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Corrections Corporation of America Message Board

  • ewocfo ewocfo Dec 22, 1999 5:13 PM Flag


    I think NewMk's arguement, and PaineWebbers
    arguement is that the dividend could be paid throughout
    2000 for 1999 earnings. If this is so, then PZN could
    be a C corp in 2000 and pay out its dividend for
    1999 throughout 2000 while also retaining enough cash
    for projects.

    I see a cash dividend being
    paid from earnings of PZN as a C corp and blackstones
    cash going into projects.

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    • made complicated. That stock buyback was a
      publicly announced purchase of stock by officers and
      directors of PZN and CCA. For some reason I never
      understood (double positive PR impact, perhaps?) they ran
      their purchases through the company.

    • I don't remember a company buy-back right before
      the vote. I do distinctly recall (and flipper will
      also) that 3 days before they released Q3 or Q4
      earnings Doc made a glorious announcement that he and
      others had bought stock personally. It struck flipper
      and I as strange because we thought they were in a
      quiet period. We were in CCA at the time and it brought
      the stock back from $16 to $22 in a few days.

    • NewMK, you may be right on the disclosure and
      related issues just prior to the merger vote. What has
      always seemed curious to me is that the company did a
      stock buyback just before the merger vote, apparently
      to get the price up and put a positive spin on the
      merger. Now, whenever the question of a buyback is raised
      (by stockholders), the answer is always that the
      company needs its funds for expansion. We all know the
      answer to that one. But if the class action firms can
      build a case for deception prior to the vote, the
      buyback would seem to be part of the fabric, no? I
      thought it a good idea at the time, I'm sure others did
      too. A company believing its own stock was a bargain.
      Whatever happened to Doc's belief in the value of his

    • All they are obligated to pay is what they have
      declared, and they have have paid those. The classification
      is controlled by tax rules, which in turn contols
      the timing options. But no matter what, they can't
      pay anything if they don't have the cash. Borrowing
      money to pay dividends always seemed stupid to me.
      Worse, then the lenders control whether the dividends
      can be paid.

      As far as legal exposure, who
      knows. There will be lawsuits whether they are justified
      or not. To me, to and some non-ambulance chasing
      lawyers I've talked to, there may be more exposure in the
      disclosures surrounding the merger: miscalculation of impact
      of leases on OPCO, hidden occupancy problems,
      delayed disclosure. I hope that whoever is already suing
      has included the investment bankers and anyone else
      involved in setting up the lease terms.

    • I hope you are right. However, I am losing all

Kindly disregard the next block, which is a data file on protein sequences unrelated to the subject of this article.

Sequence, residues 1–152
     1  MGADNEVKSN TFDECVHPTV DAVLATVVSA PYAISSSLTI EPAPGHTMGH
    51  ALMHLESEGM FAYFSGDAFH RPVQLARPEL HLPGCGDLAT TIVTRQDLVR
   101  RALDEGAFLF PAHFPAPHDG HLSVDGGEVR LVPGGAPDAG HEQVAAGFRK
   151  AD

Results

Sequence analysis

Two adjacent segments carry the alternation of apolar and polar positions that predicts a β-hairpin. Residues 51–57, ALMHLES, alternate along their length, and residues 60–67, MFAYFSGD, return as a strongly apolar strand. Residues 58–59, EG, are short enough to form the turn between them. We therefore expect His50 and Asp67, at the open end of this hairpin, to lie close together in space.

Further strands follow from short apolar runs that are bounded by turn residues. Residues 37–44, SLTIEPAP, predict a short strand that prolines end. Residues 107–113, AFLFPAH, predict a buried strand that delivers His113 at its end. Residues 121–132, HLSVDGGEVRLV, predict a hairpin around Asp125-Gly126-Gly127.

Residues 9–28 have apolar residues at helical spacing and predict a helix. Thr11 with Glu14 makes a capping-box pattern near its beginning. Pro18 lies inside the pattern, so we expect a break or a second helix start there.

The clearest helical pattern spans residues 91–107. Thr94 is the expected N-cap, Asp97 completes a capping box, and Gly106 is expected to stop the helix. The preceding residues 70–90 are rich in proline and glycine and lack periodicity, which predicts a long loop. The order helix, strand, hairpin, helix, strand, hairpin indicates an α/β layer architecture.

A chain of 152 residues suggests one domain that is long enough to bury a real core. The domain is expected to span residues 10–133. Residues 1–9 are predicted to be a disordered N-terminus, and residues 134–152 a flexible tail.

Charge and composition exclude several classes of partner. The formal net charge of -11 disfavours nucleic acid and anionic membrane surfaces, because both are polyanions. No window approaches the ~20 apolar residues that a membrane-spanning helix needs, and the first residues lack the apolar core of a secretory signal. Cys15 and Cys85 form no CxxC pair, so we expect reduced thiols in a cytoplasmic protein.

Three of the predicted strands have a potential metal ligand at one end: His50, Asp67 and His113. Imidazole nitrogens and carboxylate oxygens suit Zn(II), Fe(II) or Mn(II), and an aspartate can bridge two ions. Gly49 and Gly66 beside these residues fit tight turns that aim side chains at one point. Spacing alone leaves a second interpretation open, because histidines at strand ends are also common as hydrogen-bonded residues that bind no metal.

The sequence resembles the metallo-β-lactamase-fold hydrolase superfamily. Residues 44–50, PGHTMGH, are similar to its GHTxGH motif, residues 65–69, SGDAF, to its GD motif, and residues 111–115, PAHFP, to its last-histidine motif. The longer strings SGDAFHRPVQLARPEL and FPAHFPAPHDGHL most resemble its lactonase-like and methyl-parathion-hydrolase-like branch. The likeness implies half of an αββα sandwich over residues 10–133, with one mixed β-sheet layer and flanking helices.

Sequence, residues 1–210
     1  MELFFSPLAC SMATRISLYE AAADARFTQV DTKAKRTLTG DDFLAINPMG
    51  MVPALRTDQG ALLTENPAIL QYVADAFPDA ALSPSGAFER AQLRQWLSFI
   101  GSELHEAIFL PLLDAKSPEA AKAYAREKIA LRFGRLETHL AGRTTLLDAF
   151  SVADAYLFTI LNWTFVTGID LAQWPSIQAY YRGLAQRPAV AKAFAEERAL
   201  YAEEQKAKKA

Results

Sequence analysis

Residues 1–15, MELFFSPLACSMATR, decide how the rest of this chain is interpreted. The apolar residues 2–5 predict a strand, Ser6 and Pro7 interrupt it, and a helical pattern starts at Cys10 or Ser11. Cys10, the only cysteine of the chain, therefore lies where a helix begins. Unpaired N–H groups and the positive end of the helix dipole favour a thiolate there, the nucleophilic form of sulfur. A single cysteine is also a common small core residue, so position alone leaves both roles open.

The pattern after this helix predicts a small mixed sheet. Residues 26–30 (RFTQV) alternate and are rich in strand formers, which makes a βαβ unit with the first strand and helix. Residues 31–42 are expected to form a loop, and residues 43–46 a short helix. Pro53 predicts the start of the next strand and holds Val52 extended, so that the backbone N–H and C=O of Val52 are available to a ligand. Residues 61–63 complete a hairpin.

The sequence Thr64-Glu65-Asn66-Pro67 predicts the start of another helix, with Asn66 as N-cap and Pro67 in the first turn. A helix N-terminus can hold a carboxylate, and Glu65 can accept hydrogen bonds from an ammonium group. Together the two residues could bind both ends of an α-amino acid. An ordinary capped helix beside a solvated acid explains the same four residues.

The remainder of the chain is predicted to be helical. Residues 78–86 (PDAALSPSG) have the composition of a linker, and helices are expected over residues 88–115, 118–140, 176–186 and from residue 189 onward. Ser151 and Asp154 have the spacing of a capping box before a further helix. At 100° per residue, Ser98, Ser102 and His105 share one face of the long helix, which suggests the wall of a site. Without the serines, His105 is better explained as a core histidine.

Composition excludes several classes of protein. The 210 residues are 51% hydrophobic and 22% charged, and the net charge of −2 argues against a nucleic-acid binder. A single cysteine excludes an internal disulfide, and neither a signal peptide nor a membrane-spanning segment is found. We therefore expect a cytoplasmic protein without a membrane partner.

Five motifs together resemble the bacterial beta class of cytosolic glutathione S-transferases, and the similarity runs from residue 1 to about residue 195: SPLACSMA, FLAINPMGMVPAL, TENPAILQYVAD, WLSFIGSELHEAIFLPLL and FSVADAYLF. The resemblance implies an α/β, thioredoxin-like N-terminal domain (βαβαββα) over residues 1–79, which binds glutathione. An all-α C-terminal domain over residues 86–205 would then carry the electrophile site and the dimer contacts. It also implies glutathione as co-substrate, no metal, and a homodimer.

respect for David Dreman. Supposedly, he has owned PZN
      for a while now. It was a top holding of his Kemper
      Financial Services fund as of Sept 30 - Look under and you will see it. I wonder what he has done
      since ? He mentioned it in Forbes twice in the last few
      months, but recently there has been no mention in his
      Forbes column. So I hope Dreman is right because
      otherwise, his "High Yield" fund will become the "LOW Yield"
      fund. By the way, what is I.R. ?

    • The remainder of the special dividend will be
      paid this year. I specificaly asked that question to
      Kerry at I.R. a few days ago, and she said it would be
      paid. They are using the 1.80 previously paid and that
      leaves .20.

      I think they are obligated to pay the
      but are deferring it as long as possible.
      If they
      try some other ruse they will be in trouble.The
      changing to a C corp. if it happens will not be immediate.
      I agree with NHY the institutional buyers want the
      yield. Dreman recently bought a few million shares for
      his high yield fund.

    • One thing that has always concerned me about
      Junior's assertion that the dividends paid out so far can
      be used satisfy the requirement of the special. INL
      (I'm no lawyer) but one could argue that declaring 55
      cents as a regular dividend from FFO and a nickel
      toward the special reasonably establishes an expectation
      that the rest of the "special" will be paid by year
      end, as promised in the merger documents. We have been
      entitled to the "special" under the merger terms, and it
      is by definition different from the 95% of FFO due
      as a reit. Thus, it seems that Doc and company
      cannot relieve themselves of the obligation to pay out
      the $1.60 or so balance on the "special" dividend by
      pointing out that $1.65 of regular dividends have been
      paid out. The company "intends to qualify as a reit,"
      thus the 95% of FFO. The special is a term of the
      merger agreement. Seems to me that the word "fraud"
      might apply here, IMO. Can anyone nelighten me on this?

    • "We intend to pay special dividends as planned. The declaration must be on or before

    • what's a few bucks worht of tax savings this year,
      how can you walk away from this much dividend!
      just hold on for better times!
      you cannot get rich tax selling!

    • let's hope this works out!

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